However, this approach to art runs aground in the mid-20th Century. With modernist art having devolved into an arid, academic exercise and its pretensions to progress unmasked, in the contemporary, postmodern world this separation of art from life has collapsed. Art has been fully absorbed into the world of commodity production and entertainment. There is no longer a distinction between high culture and pop culture. Kitsch and camp are artistic styles to be thrown into the pluralist mix with other styles from art history, and postmodern artists use collage and fragmentation to disrupt genres and display attitudes of irony and parody toward anything that takes a stand. Art lacks deep meaning, all value commitments are unstable and insincere, and the artist as genius gives way to art as a democratized mash-up of superficial images and sounds.
According to this story of emerging postmodernism, food is just the latest in a series of profane objects to be gussied up and presented as art in order to serve the commercial market. For unreconstructed modernists, this constitutes the further degradation of art but, in any case, there is nothing profound going on in mixing food and art. For under postmodern conditions, art is just entertainment like anything else. To artify is simply to mix features of art production or consumption with some other sphere in order to enhance market value, food being the latest candidate.
But certain features of the food revolution belie this analysis.
Of course we eat to satisfy hunger and gain nutrition. However, food no longer serves a purely utilitarian function as it did throughout much of our history. As the food revolution in the U.S. blossoms, "foodies" eat for pure enjoyment and to experience a variety of meanings that food has as a symbol of home, cultural traditions, and moral identities. Furthermore, as our lives are increasingly dominated by the values of the workplace—competition, speed-up, disruption, the pursuit of profit and efficiency—the culture of the table is that place in our lives where an alternative way of life can take root if only in our imaginations. The culture of the table values slow, patient savoring, authenticity, personal creativity and a sense of community in contrast to the corporate world that respects none of these. In short, food has acquired intrinsic (i.e. non-instrumental) value. It is the dimension of life in which we put care before commerce and pleasure before production.
Obviously there are aspects of the food revolution that depend on media saturation, celebrity, and consumerism. The culture of the table is hardly autonomous from the rest of culture. Yet, its commitment to an alternative value system is real and explains the emergence of food as a modern art form.
But this commitment to an alternative system of values suggests that the modernism/postmodernism frame cannot explain this cultural shift, since our preoccupation with food does not appear to be fully absorbed into commodity production and superficial entertainment. Instead, the artification of food offers a profound shift in fundamental meanings, a shift that is best explained not by the modernism/postmodernism story but by the alternative narrative offered by French philosopher Jacques Rancière.
According to Rancière, much art throughout history followed a structured system of norms specifying what could be the proper subject of art, the techniques that allowed for its skillful production, and how these art objects were to be appreciated. However, in the 19th Century traditional art is largely, although not completely, replaced by what he calls the "aesthetic regime of art". The "aesthetic regime" is a set of beliefs about the nature of art, what it can do and how it is related to society, the "conditions that make it possible for words, shapes, movements and rhythms to be felt and thought as art." (From Rancière, Aisthesis: Themes from the Aesthetic Regime of Art) In other words, art was about a kind of experience, not a kind of object.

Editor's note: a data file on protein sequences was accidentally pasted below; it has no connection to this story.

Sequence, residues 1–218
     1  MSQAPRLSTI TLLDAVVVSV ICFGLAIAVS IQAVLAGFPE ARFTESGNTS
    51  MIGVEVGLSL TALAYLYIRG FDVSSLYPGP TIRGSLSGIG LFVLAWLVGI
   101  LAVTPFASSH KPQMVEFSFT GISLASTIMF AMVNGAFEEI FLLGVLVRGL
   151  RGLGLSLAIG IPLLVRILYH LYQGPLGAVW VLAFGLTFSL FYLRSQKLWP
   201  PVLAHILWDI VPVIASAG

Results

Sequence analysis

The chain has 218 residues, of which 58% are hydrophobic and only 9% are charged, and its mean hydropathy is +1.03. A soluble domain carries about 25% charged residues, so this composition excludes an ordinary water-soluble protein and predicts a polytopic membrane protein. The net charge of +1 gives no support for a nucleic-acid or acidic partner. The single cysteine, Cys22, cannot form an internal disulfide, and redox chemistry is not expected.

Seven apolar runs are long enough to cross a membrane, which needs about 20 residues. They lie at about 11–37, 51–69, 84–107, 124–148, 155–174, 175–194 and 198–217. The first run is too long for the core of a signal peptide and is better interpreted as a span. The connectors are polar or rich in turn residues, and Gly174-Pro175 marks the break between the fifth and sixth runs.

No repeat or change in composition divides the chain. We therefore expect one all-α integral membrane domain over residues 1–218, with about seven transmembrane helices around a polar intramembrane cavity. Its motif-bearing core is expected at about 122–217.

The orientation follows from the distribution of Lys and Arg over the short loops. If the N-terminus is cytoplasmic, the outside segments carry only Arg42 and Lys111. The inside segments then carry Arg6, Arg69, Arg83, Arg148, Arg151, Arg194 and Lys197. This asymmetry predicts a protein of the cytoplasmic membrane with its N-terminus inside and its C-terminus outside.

As a result, inexorably throughout the 19th and 20th centuries, the norms governing the nature of art and its proper subject matter are swept away, the boundaries between genres are increasingly fragile, and aesthetics as a distinct kind of experience and subject matter is born. Modernism far from being the advent of the autonomy of art is rather a kind of sensibility, a way of looking at everyday objects as art-like. Ordinary objects acquired depth of meaning through their artistic presentation but at the same time these presentations raised questions about how art is related to or different from life, in the absence of rules for distinguishing in advance the objects of art from the products of everyday life. That difference now has to be negotiated rather than taken for granted. The aesthetic regime enables us to see art and life as continually overlapping, while remaining distinctly different. Art is not autonomous from everyday life as the modernist would have it. Neither is it fully absorbed into culture as the postmodernists would argue. Art's autonomy and heteronomy are inextricably linked and in constant tension.
Thus the chaos of the contemporary art world, where anything can be a potential art object, is not an exhausted reaction to the overweening radical pretensions and abstractions of modernism but is an extension of a change in sensibility that occurred long ago in the emergence of aesthetic experience. Art hasn't lost its autonomy from culture as the modernism/postmodernism story would have it but continues the process of continually renegotiating this territory by recasting the stage on which things appear.